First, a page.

Many offenders would make their victims feel special. They would deliberately cultivate a relationship to gain confidence and power, and inducements of various kinds may have been offered to further enhance the relationship. I would like to read to members in the chamber some of the examples that we heard.

I quote from the report, which contains evidence from a number of witnesses who came before the committee.

It states:

... my father's drinking probably helped ensure that I was someone he would target.

One victim described his family:

Three boys and three girls; it was almost that perfect scenario, I suppose. We were all pretty shy kids. He made things fun. He would chase us, or something like that. He made it so that, I do not know, we would not say anything, even though our parents said nobody is allowed to touch you in certain areas. They told all the kids that, but he made things fun and he made it like he was a friend. I was only five and still did not quite understand what he was doing, really.

Another victim stated:

I was a member of both the choir and altar boys ... He groomed me by giving me cigarettes, money and alcohol ...
We wanted to include those examples in the report because they highlight the various degrees of behaviour and the extent that these devious sexual predators went to. They were difficult stories to listen to. As the report indicates, parents and families were also groomed and parents reported feelings of guilt. One victim spoke of her mother:

My mother was no exception, and with a very complex set of circumstances in her own life that allowed for psychological abuse, exploitation and manipulation she was truly putty in the hands of a man who was targeting her child and distancing her from her maternal role toward the child.

The examples in the report highlight just how far these predators went. The report states:

Offenders may take full advantage of the respect accorded to their position and the unquestioned trust that parents, grateful for and in some cases honoured by the attention being given to their child, place in them. There is a power imbalance in situations where an offender has a revered position in the family.
It is evident that a deliberate course of action was taken by predators. It is absolutely inexcusable that we could ignore this, and that is why the various recommendations were taken into account. I am very pleased that we were able to make this recommendation and that this piece of legislation targeting the behaviour of grooming with the intent to conduct a criminal offence has come before us today.

Grooming behaviour constitutes the cultivation of friendship and the building of that relationship directly with the victim or through the victim's parents, carers or others closely associated with them by offering inducements or bribes such as I have described to enable that relationship to occur. The current law does not recognise the severity of such actions. That is what this legislation is all about. The law does not currently recognise that such conduct, with either the intent to engage in sexual activity with a child or the actual engagement in sexual activity with a child, is a criminal offence.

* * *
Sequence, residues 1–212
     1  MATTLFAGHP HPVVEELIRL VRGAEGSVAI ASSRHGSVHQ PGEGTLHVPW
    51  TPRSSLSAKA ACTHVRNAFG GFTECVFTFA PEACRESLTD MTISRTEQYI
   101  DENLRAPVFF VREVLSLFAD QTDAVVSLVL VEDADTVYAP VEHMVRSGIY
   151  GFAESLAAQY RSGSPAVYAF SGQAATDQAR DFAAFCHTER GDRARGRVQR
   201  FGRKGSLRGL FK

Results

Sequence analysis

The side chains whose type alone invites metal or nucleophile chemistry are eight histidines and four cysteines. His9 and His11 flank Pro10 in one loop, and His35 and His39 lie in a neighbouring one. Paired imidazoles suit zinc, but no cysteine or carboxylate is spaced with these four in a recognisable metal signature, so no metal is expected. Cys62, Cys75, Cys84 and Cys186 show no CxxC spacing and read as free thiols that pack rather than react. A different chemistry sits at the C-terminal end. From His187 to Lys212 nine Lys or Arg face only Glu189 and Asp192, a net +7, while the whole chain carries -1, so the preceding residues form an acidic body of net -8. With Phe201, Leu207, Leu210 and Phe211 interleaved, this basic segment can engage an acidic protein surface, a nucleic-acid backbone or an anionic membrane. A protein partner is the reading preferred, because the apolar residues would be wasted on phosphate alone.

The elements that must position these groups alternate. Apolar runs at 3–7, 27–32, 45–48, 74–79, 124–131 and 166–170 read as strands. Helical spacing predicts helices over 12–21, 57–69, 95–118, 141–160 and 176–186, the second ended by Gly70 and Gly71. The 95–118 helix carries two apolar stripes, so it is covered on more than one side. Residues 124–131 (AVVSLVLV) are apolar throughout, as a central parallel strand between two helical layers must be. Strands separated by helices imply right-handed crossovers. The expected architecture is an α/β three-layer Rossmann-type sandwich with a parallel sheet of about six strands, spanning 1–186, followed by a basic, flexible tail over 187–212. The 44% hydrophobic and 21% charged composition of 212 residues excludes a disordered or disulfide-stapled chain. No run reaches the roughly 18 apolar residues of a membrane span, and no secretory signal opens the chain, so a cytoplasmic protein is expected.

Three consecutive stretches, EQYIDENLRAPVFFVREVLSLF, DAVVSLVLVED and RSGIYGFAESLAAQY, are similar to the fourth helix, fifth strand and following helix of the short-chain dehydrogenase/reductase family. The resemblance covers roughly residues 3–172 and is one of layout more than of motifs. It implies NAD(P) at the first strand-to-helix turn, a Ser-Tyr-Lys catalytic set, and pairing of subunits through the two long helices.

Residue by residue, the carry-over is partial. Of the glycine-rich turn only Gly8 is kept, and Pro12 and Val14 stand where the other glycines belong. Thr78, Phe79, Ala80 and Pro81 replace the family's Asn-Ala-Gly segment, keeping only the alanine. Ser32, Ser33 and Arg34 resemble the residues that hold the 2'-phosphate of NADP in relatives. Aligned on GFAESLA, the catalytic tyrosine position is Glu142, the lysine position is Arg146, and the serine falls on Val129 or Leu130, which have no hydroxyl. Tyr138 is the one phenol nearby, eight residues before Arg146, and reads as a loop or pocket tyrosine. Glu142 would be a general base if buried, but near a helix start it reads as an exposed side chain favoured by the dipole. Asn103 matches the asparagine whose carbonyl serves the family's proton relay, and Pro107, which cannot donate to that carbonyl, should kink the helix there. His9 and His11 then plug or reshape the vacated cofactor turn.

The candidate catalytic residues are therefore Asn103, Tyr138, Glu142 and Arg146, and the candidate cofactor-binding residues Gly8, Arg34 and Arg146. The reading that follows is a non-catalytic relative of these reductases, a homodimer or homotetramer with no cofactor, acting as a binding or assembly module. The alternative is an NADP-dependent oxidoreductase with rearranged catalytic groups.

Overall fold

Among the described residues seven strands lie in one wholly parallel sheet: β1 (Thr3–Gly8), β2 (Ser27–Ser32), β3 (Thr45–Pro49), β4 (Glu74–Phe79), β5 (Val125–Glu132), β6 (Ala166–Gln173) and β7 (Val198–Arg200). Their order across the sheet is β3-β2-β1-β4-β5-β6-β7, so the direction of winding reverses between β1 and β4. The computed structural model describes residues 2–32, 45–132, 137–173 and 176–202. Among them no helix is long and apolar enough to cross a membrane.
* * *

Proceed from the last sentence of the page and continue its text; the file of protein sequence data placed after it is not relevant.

When I tabled the report I talked of the extensive life-altering implications. The lives of many people in our community who have been subjected to this sort of behaviour require that the criminality of that behaviour be recognised. This bill does just that: it recognises the deliberate activity of these predators. It will amend the Crimes Act 1958 by inserting a new offence of grooming for sexual conduct with a child under the age of 16 years, and it will make consequential amendments to other acts.I know other members want to speak on this.

It is an important bill that has come before us. I do thank the opposition for its full support in this. I, like Ms Mikakos, believe it is important that any element relating to the area of child protection should be addressed in a swift and bipartisan manner. Again I thank those opposite for their support, and I, like other members, wish it a speedy passage.



Ms PENNICUIK (Southern Metropolitan) -- In speaking on this bill I begin by acknowledging that my contribution follows that of the chair of the Family and Community Development Committee inquiry into sexual abuse, which resulted in the Betrayal of Trust report. Ms Crozier has just preceded me with a contribution, and I pay tribute to her as the chair of that committee.

I note that two other members of the committee, Mrs Coote and Mr O'Brien, are also present in the chamber, and I pay tribute to them too for the extensive amount of work they did and the harrowing testimony to which they had to listen from hundreds of witnesses, or many tens of witnesses, with regard to the issue of child sexual abuse by individuals within trusted organisations.

I also pay tribute to all those people who came forward to give evidence to the committee, because that was very brave of them, and it was often the first time they had spoken about it. Of course there are many other people in the community who have not spoken about these issues to this day. As Ms Crozier so eloquently outlined, it has affected their lives forever and probably will always affect their lives.

As to what this bill goes to, it affects the lives not only of the direct victims -- those who were predated upon and who had crimes committed against them -- but also of their family members, particularly their parents, and, as this bill also goes to, other trusted individuals who may have had care of them who were also caught up in this insidious activity of grooming, which in many cases goes on to perpetration of hideous crimes against children. The protection of children against sexual abuse is one of the most serious issues that faces us as legislators and the community, and everybody in the community should always be looking out to ensure that children do not come to this type of harm. It is the responsibility not only of parents but of other adults in the vicinity to be cognisant of and aware of the type of behaviour that this bill goes to -- that is, the behaviour known as grooming.